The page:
designed for male offenders.”
Most of California’s female inmates are housed in Chowchilla, a remote
San Joaquin Valley town, far removed from their children and families.
The facilities there were designed like a men’s prison to minimize violence
and prevent escape. Approximately 8,000 women, the largest concentration
of incarcerated women in the world, are isolated and seemingly forgotten
there. They live eight to a 246-square-foot cell designed to hold four
inmates, which gives each woman less than 31 square feet of living space.
These conditions violate fire and safety codes, space-allotment-per-inmate
standards, and normal concern for general safety, health, and human dignity.
To add insult to injury, during routine lockdowns due to fog, eight women
must endure these cramped conditions nearly 24 hours per day.
As if this were not bad enough, the saddest consequence of imprisoning
women like this is how it affects their children. More than 80 percent
of these women are mothers of dependent children, and sixty-seven percent
are single-parents. Many of them never get to see their children. The children
may be able to stay with a grandmother or other family member, but often
they go into foster care, a system rife with problems of its own. Studies
have shown that children whose parents are incarcerated are five to six
times more likely to end up behind bars themselves. Visiting is rarely
possible for their children. Family member caring for children typically
cannot afford the trip (the average distance is 320 miles round trip).
For foster parents, state procedures or multiple other seemingly insurmountable
problems are prohibitive.
The average female inmate is a mother in her early-to-mid thirties,
substance abuser with mental health needs, and a victim of physical or
sexual abuse. She will serve an average of thirteen months for a drug or
drug-related crime. When she leaves prison, she will receive little or
no help finding a job, housing, or counseling; nor will she likely be eligible
for welfare benefits or qualify for public housing. Statistically 50 percent
of these women will violate their parole and end up back in prison, almost
always for non-violent behavior.
Most of these women have histories of poverty and drug abuse. More than
half of them report having been physically or sexually abused at least
one point in their lives. These are all major contributors to their fate.
Instead of being sent to prison, they should have been sentenced to substance
abuse treatment programs, or small healing-oriented, community-based centers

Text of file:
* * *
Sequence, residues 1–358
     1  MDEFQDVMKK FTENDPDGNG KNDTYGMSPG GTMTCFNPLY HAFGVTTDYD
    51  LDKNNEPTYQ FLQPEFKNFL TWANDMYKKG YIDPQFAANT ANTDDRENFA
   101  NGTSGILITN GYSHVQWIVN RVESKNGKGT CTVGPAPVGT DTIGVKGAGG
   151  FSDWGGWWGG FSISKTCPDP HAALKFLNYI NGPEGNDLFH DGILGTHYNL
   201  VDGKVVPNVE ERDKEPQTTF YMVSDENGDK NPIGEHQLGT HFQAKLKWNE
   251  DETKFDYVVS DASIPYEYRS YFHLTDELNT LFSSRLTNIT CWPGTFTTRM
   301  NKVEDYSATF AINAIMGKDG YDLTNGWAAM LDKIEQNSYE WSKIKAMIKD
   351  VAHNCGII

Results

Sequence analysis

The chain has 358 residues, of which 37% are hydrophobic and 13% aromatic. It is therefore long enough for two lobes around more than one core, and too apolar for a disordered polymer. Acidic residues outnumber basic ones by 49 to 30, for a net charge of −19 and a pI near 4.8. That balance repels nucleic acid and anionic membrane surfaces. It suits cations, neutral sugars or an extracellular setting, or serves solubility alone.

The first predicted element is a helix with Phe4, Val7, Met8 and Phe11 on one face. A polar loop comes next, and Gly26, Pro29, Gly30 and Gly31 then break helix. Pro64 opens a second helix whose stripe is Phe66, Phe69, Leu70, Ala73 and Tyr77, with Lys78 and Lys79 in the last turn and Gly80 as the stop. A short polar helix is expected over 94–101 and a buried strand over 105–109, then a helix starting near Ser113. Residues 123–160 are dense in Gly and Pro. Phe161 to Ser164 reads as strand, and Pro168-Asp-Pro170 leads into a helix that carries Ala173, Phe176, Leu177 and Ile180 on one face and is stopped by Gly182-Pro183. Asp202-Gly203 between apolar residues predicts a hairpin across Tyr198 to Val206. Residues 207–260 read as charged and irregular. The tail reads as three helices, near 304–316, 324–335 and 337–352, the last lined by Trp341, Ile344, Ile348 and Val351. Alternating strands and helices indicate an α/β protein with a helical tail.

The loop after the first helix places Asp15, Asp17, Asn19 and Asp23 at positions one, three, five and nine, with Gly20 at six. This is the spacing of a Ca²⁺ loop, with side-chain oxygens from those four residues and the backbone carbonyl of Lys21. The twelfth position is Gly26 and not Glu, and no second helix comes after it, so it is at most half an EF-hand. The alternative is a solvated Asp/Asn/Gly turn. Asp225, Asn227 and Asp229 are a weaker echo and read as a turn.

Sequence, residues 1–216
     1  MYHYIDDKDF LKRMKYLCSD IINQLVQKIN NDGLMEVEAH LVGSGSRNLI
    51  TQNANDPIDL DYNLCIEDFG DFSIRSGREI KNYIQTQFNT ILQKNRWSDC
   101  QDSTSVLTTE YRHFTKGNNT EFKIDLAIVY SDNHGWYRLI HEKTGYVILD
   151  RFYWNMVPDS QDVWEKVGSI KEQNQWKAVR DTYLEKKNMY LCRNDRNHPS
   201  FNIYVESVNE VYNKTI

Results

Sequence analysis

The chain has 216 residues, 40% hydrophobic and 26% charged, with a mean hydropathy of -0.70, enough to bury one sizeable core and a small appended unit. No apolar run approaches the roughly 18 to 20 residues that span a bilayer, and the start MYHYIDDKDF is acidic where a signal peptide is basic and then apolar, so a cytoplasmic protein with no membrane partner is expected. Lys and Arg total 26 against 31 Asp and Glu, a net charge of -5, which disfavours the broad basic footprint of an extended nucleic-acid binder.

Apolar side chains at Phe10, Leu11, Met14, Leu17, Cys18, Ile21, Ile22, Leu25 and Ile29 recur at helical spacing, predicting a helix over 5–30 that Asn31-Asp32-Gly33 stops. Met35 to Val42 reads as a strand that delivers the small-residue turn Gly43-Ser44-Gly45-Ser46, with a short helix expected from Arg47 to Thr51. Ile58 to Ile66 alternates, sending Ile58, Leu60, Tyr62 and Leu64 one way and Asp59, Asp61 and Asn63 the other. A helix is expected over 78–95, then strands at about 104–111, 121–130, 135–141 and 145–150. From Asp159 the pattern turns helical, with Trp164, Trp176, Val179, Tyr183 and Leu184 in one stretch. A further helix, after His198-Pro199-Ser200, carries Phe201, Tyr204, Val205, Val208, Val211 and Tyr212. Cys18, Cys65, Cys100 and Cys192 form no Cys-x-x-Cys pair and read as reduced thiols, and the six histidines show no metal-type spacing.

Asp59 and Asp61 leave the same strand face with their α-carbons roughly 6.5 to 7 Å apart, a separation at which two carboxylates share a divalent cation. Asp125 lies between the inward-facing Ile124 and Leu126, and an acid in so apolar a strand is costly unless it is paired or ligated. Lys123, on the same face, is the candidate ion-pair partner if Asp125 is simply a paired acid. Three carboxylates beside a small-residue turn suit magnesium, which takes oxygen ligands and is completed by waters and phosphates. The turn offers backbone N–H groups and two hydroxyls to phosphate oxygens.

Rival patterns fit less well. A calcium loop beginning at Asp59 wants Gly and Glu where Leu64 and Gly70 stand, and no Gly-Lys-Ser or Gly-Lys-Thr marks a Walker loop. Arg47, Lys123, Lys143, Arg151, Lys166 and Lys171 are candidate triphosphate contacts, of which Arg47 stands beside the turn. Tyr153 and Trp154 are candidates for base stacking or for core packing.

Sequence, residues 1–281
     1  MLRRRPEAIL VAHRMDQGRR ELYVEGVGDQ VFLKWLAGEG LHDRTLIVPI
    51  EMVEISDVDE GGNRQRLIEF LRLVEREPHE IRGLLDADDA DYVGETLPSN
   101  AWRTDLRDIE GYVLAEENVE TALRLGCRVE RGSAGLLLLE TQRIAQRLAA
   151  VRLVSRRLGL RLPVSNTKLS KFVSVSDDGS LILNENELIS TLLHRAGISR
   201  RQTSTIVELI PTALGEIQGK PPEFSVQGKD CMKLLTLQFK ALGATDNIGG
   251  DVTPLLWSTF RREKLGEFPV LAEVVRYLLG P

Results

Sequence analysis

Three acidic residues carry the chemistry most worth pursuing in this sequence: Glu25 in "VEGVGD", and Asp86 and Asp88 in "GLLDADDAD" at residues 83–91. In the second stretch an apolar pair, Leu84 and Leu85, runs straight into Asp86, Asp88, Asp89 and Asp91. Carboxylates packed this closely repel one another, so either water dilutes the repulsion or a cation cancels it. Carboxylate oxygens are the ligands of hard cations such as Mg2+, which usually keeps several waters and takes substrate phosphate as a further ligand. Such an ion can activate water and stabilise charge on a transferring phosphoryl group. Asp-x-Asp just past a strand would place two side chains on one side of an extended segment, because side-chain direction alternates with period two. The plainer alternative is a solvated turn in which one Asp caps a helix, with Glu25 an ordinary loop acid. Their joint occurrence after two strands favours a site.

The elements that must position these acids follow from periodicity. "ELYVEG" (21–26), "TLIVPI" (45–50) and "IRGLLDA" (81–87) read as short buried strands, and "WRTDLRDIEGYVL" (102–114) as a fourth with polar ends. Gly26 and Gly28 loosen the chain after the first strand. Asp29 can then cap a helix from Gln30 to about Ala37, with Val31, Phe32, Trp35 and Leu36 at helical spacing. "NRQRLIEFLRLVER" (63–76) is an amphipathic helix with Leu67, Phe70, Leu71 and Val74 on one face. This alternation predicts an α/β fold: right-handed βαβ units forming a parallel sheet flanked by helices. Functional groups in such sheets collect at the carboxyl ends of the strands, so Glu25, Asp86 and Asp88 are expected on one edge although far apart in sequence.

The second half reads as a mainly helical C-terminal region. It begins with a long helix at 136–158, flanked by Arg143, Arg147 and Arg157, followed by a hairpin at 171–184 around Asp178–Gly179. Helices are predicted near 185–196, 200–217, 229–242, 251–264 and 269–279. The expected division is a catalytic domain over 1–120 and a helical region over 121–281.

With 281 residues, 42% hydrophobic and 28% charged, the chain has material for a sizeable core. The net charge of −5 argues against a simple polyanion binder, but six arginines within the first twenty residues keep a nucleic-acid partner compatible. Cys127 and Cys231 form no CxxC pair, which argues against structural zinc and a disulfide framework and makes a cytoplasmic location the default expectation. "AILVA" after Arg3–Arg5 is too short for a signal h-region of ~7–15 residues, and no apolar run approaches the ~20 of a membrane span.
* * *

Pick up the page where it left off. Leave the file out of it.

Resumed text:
near their children. This approach certainly can provide infinitely more
support and cost much less, plus it can reap even greater benefits for
generations to come.
Women who have unjustly landed in prison deserve better. It is not too
late. It is time for city and county governments to pick up the ball and
provide facilities for these women. State and federal aid is available.
Initially, the CDCR Parole Board will need some basic guidelines for releasing
these women to their communities, coordinate with their local parole offices
and community support facilities for appropriate support in terms of mental
health counseling, drug abuse programs, job assistance, etc.
Some women are safe enough to go home and be with their children. Ultimately, cities and county governments, the courts and will need to be held accountable for being responsive to the needs of their communities so that the wrong people do not end up in prison due to lack of community facilities and support. In addition, sentencing law revision will be necessary to allow judges more discretion in alternative sentencing and mandated community service.
If they are safe enough to be in community housing, they are safe enough
to be released back to their families
Release the non-violent people.
But do not simply cast them back to the street with only $200 in their
hands. Set up work projects and coordinate with Parole and community agencies
for needed community support. Divert the drug addicted to treatment programs.
Due to political posturing thousands of people have been given life sentences
for non violent crimes under the failed 3 strikes and mandatory minimum
laws. Other states with similar problems released non violent people immediately.
We should do no less.
Release the terminally ill and frail elderly.
Taxpayers do not wish to pay to imprison sick people who are no longer
a danger to society. Those who are dying often have families who are willing